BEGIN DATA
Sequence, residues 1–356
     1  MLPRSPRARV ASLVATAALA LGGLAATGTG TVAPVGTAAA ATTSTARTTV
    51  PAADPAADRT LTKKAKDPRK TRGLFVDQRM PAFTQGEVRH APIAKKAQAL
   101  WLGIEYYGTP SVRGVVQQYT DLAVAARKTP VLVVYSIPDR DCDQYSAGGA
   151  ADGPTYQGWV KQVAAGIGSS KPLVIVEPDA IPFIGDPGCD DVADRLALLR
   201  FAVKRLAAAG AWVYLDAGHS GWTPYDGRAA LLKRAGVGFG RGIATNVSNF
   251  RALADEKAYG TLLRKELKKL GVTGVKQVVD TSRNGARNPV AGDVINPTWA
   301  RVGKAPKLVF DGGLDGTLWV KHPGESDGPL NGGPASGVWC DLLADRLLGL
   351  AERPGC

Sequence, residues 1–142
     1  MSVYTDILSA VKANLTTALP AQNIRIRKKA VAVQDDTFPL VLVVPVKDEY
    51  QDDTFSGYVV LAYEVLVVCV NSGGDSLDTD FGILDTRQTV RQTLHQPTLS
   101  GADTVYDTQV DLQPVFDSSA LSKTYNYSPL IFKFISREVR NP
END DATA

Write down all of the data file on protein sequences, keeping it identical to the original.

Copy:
Sequence, residues 1–356
     1  MLPRSPRARV ASLVATAALA LGGLAATGTG TVAPVGTAAA ATTSTARTTV
    51  PAADPAADRT LTKKAKDPRK TRGLFVDQRM PAFTQGEVRH APIAKKAQAL
   101  WLGIEYYGTP SVRGVVQQYT DLAVAARKTP VLVVYSIPDR DCDQYSAGGA
   151  ADGPTYQGWV KQVAAGIGSS KPLVIVEPDA IPFIGDPGCD DVADRLALLR
   201  FAVKRLAAAG AWVYLDAGHS GWTPYDGRAA LLKRAGVGFG RGIATNVSNF
   251  RALADEKAYG TLLRKELKKL GVTGVKQVVD TSRNGARNPV AGDVINPTWA
   301  RVGKAPKLVF DGGLDGTLWV KHPGESDGPL NGGPASGVWC DLLADRLLGL
   351  AERPGC

Sequence, residues 1–142
     1  MSVYTDILSA VKANLTTALP AQNIRIRKKA VAVQDDTFPL VLVVPVKDEY
    51  QDDTFSGYVV LAYEVLVVCV NSGGDSLDTD FGILDTRQTV RQTLHQPTLS
   101  GADTVYDTQV DLQPVFDSSA LSKTYNYSPL IFKFISREVR NP